Police officers are entrusted with the responsibility of protecting the public from violence. Law enforcement is allowed to use physical, sometimes fatal, force to carry out their duties. However, as agents of the government, police officers are subject to constitutional restraints. There are circumstances in which the use of force is not warranted, such as when an officer uses more force than necessary to apprehend an individual or when a person is denied due process.
A recent dashcam video has surfaced that shows a New Jersey man being kicked by a police officer. The man was arrested when a homeowner reported that he was trying to break into her home. Police handcuffed the man and had him sit on the ground outside the house. The video shows a Penns Grove Police Department officer kicking the man in the head as he tried to stand up, knocking him down.
The man claims that he was traveling home from North Carolina for Thanksgiving and had been walking through fields trying to find his dogs. He stated that he was attempting to break into the house for warmth, a claim that is supported by hospital officials who report that the man was suffering from hypothermia.
The Penns Grove Police Department chief stated that the officer’s behavior is unacceptable and non-compliant with department policy. The police officer has been charged with aggravated assault despite filing a use of force report claiming that the suspect was under the influence and resisting police officer control.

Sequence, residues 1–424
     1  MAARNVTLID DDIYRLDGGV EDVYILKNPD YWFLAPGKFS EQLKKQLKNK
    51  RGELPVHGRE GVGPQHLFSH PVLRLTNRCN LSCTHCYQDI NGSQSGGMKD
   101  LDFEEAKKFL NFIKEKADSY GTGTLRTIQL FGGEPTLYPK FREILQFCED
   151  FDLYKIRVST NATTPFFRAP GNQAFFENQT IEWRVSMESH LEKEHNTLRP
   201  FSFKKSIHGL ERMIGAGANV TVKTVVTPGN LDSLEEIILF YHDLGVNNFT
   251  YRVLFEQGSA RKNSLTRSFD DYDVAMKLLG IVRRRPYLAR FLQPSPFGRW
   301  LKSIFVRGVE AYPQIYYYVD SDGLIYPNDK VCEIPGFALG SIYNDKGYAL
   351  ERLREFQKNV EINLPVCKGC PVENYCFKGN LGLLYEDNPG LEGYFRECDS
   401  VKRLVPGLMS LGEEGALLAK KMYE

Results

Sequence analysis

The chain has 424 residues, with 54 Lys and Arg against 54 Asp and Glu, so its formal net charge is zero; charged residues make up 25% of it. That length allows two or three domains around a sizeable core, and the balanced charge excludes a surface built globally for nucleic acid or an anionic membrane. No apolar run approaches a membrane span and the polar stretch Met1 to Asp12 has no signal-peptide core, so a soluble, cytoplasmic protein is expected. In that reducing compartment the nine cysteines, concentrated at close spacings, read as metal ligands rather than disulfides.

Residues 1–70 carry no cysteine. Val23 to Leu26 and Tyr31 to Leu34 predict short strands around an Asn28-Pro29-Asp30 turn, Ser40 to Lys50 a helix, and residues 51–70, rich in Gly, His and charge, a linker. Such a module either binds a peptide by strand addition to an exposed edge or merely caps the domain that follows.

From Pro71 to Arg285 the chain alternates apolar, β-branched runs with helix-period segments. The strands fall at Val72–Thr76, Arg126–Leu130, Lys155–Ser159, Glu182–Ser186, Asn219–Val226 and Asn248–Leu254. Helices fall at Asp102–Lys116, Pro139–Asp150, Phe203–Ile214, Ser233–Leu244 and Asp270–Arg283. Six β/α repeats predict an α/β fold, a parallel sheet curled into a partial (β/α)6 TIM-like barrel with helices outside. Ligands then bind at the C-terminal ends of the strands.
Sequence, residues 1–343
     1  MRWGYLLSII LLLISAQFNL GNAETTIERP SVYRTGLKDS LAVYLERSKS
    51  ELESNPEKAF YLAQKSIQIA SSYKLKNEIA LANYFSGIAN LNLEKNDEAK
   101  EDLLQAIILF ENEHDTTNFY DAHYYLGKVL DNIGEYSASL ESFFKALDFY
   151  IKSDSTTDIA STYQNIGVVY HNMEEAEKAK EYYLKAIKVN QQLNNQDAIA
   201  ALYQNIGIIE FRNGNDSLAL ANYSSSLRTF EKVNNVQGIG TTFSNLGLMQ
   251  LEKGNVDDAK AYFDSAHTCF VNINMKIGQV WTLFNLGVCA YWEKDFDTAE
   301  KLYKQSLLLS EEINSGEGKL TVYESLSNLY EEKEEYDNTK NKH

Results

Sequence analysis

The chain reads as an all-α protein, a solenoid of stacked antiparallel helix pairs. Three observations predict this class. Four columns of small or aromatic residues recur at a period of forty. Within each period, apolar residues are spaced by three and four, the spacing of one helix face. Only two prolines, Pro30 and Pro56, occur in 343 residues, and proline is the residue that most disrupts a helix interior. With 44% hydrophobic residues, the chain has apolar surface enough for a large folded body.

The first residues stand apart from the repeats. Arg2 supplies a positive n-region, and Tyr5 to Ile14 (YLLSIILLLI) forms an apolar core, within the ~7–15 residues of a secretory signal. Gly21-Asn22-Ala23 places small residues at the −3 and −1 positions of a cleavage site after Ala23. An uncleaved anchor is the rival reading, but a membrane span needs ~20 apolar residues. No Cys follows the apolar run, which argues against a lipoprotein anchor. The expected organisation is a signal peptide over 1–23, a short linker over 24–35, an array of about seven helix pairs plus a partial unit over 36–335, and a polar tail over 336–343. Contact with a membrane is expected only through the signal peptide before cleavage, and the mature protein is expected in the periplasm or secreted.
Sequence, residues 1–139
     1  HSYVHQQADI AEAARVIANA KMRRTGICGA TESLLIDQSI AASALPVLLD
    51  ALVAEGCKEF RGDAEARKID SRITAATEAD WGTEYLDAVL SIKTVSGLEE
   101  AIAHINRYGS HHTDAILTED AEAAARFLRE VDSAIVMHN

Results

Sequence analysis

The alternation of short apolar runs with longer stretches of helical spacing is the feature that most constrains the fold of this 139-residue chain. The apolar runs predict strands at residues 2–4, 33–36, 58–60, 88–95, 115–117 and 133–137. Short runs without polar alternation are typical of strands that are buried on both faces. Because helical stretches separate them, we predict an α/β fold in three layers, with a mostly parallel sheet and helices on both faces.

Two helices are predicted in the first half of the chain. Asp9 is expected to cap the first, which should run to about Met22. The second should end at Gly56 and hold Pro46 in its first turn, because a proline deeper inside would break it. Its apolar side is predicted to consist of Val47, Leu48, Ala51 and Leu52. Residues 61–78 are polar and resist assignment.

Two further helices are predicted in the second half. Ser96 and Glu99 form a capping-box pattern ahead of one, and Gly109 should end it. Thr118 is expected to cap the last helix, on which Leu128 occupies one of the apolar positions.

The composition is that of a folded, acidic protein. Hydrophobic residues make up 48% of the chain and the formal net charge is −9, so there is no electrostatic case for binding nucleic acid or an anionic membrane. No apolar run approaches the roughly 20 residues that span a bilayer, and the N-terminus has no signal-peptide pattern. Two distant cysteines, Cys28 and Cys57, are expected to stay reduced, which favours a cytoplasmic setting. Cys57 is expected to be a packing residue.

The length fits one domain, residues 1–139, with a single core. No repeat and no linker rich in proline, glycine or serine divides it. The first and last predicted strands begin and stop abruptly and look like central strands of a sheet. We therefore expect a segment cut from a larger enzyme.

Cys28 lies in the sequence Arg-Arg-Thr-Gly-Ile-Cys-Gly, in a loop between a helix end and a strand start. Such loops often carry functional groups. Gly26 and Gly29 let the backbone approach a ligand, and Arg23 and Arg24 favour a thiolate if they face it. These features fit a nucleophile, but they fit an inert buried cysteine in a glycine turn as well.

The most common types of claims brought against police officers are false arrest, malicious prosecution, and excessive use of force. Those asserting a false arrest claim must be able to show that the police officer arrested them without having probable cause to believe that they committed a crime, thus violating their Fourth Amendment right against unreasonable seizure.
Malicious prosecution claims must be supported by showing that the victim was deprived of their Fourteenth Amendment right to liberty. This can be established by showing that a criminal proceeding, for which there was no probable cause and was brought with malice toward the victim, was initiated against the victim and ended in the victim’s favor.
Victims of police misconduct and brutality may argue that their civil rights were violated under Section 1983 of the Civil Rights Act of 1871, which allows victims to bring private civil actions for being denied civil rights by anyone acting in an official government capacity. To prove an excessive use of force claim, the victim must show that the officer’s use of force was unreasonable given the circumstances of the case.
If you believe you are the victim of police misconduct or brutality, contact a Philadelphia police brutality lawyer at Williams Cedar. You may be entitled to compensation for your injuries and damages for pain and suffering. Our skilled and experienced legal team is dedicated to defending the rights of those victimized by officers of the law. From our offices in Cherry Hill, New Jersey and Philadelphia, we represent clients throughout Pennsylvania, New Jersey, and nationwide. To discuss your case, contact us online or call us at 856-874-7500 or 215-557-0099.